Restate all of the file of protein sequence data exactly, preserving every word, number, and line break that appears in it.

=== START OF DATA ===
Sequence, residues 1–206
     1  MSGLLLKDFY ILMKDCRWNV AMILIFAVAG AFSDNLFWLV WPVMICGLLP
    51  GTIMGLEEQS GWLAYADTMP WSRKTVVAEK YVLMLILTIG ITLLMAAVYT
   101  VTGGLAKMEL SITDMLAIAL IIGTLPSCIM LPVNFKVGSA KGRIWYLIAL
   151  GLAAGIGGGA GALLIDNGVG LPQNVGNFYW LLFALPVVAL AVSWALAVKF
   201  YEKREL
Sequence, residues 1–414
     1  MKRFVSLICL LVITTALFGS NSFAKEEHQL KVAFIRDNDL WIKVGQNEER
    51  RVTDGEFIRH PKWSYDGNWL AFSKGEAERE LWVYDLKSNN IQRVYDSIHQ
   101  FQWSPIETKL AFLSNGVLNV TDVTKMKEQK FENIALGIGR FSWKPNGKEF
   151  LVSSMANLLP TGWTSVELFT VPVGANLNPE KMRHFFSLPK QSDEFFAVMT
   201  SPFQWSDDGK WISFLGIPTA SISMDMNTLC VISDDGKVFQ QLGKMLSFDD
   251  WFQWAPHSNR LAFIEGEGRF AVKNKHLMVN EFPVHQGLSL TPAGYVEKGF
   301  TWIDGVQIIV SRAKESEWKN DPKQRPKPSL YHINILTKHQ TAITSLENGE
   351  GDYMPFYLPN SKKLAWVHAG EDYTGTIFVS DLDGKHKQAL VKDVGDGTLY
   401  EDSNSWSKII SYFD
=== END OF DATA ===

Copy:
Sequence, residues 1–206
     1  MSGLLLKDFY ILMKDCRWNV AMILIFAVAG AFSDNLFWLV WPVMICGLLP
    51  GTIMGLEEQS GWLAYADTMP WSRKTVVAEK YVLMLILTIG ITLLMAAVYT
   101  VTGGLAKMEL SITDMLAIAL IIGTLPSCIM LPVNFKVGSA KGRIWYLIAL
   151  GLAAGIGGGA GALLIDNGVG LPQNVGNFYW LLFALPVVAL AVSWALAVKF
   201  YEKREL
Sequence, residues 1–414
     1  MKRFVSLICL LVITTALFGS NSFAKEEHQL KVAFIRDNDL WIKVGQNEER
    51  RVTDGEFIRH PKWSYDGNWL AFSKGEAERE LWVYDLKSNN IQRVYDSIHQ
   101  FQWSPIETKL AFLSNGVLNV TDVTKMKEQK FENIALGIGR FSWKPNGKEF
   151  LVSSMANLLP TGWTSVELFT VPVGANLNPE KMRHFFSLPK QSDEFFAVMT
   201  SPFQWSDDGK WISFLGIPTA SISMDMNTLC VISDDGKVFQ QLGKMLSFDD
   251  WFQWAPHSNR LAFIEGEGRF AVKNKHLMVN EFPVHQGLSL TPAGYVEKGF
   301  TWIDGVQIIV SRAKESEWKN DPKQRPKPSL YHINILTKHQ TAITSLENGE
   351  GDYMPFYLPN SKKLAWVHAG EDYTGTIFVS DLDGKHKQAL VKDVGDGTLY
   401  EDSNSWSKII SYFD